Article: Why so much employee development fails and how to make it stick?

Learning & Development

Why so much employee development fails and how to make it stick?

World-over, there is possibly no other corporate activity which has lower 'evidence of success' as Investment on Employee Development
 

The employee needs to know the context in which his work relates to the larger strategy of the organisation

 

The motivation to invest time and effort, and energy on one's development only happens when people can clearly see the connection with payoffs

 

World-over, there is possibly no other corporate activity which has lower ‘evidence of success’ as Investment on Employee Development

While many well-studied measures of ROI remain valid - the investment is usually upfront - the benefits accrue over a period of time. This realization itself makes it necessary that, vis-à-vis post event analysis, prior planning may have more significant payoffs.

At PDI Ninth House, an organisation committed to research in the domain of talent engagement and development, this field of study is important for strategic reasons to ensure that our own corporate development solutions address the ‘means’ to ensure the ‘ends’ meet with predictable success.

Decades of research and validation of the hypothesis around client engagement across the globe, across industry sectors, across company levels - continue to throw up supporting evidence that likens ‘learning and development’ as a process along a continuum as opposed to isolated ‘events’.

The Development Pipeline®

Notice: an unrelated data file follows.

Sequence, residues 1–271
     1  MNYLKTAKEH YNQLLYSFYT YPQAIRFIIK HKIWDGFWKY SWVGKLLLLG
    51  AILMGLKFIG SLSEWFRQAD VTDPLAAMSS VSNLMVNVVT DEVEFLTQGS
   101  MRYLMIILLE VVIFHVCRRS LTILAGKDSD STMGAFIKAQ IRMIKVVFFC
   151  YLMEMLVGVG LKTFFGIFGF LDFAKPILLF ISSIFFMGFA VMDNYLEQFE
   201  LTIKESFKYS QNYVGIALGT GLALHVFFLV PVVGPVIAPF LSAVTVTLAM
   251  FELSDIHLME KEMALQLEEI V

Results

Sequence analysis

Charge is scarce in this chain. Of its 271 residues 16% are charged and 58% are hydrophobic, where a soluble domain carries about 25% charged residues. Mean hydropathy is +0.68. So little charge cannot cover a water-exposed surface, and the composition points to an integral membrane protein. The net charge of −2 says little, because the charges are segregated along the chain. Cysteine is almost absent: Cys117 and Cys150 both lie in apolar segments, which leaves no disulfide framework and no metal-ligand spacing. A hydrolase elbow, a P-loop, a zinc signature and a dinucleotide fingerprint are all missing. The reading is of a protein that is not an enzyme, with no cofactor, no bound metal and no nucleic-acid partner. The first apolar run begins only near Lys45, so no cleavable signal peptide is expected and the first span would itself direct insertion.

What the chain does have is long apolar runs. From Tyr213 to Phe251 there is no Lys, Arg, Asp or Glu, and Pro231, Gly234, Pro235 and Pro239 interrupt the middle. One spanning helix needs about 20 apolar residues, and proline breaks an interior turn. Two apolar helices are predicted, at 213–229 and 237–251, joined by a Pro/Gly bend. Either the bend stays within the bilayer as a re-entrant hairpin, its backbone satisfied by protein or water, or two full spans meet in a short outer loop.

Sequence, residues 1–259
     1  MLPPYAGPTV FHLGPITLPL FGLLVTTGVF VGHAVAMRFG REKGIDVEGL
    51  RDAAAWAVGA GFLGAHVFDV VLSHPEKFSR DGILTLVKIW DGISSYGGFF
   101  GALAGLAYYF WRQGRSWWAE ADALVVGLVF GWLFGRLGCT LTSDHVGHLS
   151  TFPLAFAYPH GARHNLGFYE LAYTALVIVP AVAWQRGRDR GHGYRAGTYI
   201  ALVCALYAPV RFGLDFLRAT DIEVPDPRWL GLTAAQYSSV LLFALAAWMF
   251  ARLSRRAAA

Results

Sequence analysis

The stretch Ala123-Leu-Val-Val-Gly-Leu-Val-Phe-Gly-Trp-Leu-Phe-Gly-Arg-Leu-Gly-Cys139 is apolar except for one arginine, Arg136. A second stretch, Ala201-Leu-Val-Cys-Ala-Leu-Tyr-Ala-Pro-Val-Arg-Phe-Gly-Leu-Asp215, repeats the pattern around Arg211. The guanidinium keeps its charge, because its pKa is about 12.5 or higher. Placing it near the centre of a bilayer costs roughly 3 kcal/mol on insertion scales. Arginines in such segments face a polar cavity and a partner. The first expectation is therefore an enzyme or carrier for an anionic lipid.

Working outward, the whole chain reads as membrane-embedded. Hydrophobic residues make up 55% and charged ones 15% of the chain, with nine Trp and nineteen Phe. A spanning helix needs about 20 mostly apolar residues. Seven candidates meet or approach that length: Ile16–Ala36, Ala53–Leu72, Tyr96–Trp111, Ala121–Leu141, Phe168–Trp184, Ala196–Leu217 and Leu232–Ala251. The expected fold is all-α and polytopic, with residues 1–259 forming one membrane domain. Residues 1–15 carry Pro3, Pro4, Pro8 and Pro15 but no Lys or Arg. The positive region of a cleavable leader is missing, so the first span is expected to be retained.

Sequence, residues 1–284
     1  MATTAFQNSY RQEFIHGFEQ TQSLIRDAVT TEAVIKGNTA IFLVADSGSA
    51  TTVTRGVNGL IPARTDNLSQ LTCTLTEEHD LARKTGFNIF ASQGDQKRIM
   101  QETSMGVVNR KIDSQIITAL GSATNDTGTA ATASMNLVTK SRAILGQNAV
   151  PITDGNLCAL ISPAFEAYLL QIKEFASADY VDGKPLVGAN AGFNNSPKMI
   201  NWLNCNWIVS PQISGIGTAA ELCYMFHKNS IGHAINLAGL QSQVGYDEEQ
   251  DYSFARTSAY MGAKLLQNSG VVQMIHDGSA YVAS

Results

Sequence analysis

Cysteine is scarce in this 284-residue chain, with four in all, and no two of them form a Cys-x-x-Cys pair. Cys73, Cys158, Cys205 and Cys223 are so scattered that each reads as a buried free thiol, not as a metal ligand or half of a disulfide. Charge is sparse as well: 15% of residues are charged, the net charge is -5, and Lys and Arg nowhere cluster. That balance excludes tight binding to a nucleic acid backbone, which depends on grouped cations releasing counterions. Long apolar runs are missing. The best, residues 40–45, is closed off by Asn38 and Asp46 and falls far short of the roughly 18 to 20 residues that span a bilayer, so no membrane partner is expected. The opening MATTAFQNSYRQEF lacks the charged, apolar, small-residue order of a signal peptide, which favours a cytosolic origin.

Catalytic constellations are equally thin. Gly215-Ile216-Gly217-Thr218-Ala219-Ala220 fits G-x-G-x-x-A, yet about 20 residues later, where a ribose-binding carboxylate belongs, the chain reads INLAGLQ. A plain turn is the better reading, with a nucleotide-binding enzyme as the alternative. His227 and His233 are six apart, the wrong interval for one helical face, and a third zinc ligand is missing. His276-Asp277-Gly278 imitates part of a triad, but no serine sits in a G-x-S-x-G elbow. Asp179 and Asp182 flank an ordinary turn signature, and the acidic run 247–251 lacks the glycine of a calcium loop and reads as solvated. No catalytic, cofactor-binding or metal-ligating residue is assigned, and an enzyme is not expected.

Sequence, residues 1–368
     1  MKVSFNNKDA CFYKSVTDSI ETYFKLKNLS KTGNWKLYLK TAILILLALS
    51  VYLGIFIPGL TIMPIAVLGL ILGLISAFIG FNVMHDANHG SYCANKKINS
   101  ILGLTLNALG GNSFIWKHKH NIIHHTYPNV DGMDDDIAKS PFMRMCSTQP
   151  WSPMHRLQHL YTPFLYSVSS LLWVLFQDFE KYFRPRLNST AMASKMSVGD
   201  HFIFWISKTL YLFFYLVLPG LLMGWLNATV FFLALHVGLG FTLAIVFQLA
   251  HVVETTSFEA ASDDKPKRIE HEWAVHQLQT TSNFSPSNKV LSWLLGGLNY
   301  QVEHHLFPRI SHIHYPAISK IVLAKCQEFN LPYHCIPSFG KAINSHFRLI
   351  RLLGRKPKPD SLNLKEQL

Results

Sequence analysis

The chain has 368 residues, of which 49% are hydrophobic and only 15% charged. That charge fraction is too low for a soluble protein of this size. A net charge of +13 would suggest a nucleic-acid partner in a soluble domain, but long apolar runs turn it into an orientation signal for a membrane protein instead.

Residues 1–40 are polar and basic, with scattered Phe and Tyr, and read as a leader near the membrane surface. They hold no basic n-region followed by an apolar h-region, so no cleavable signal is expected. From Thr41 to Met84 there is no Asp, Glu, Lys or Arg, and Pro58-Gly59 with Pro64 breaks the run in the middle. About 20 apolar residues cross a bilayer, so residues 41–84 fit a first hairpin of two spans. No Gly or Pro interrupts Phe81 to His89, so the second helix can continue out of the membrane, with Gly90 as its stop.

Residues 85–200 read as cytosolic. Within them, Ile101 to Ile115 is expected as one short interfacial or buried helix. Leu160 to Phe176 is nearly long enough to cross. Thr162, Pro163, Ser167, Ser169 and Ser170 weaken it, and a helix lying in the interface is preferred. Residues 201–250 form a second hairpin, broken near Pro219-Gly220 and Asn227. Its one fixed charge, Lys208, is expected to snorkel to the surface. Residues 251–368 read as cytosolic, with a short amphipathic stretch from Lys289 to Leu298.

In order for any real learning and related change to happen in an organizational context and most importantly sustain itself, the organisation must ask and provide answers for five essential conditions - insight, motivation, new knowledge and skills, practice at workplace and accountability for sustained growth.

1. Insight: Do people know what to develop? This critical enabler may sometimes get forgotten in many robust learning and development initiatives. Lofty team phrases and shared vision documents can very often obscure the fact that adults are ‘selfish’ in what they choose to learn - and they have and they do exercise the choices. A senior executive exercises the choice by making himself unavailable for a particular initiative for which he has been nominated. A relatively junior employee, not having this veto-power, may exercise his choice by attending every stage of the process – but not learning anything. For ensuring its success, employee development initiatives must clarify 3 key questions beforehand to give the employee very clear, unambiguous and correct insight.

What does the organisation expect from me? The employee needs to know the context in which his work relates to the larger strategy of the organisation. Most frustration of employees missing the ‘bigger picture’ stem from an oversight to clarify this component at the insight stage.

How do my fellow colleagues in the organisation view me? We do not work in a vacuum. In fact, most of our life-hours as employees are spent in the company of fellow colleagues. This stands to reason that this segment can provide one with the most meaningful insights regarding both strengths and development areas. This data point adds a very meaningful start to any serious learning plan.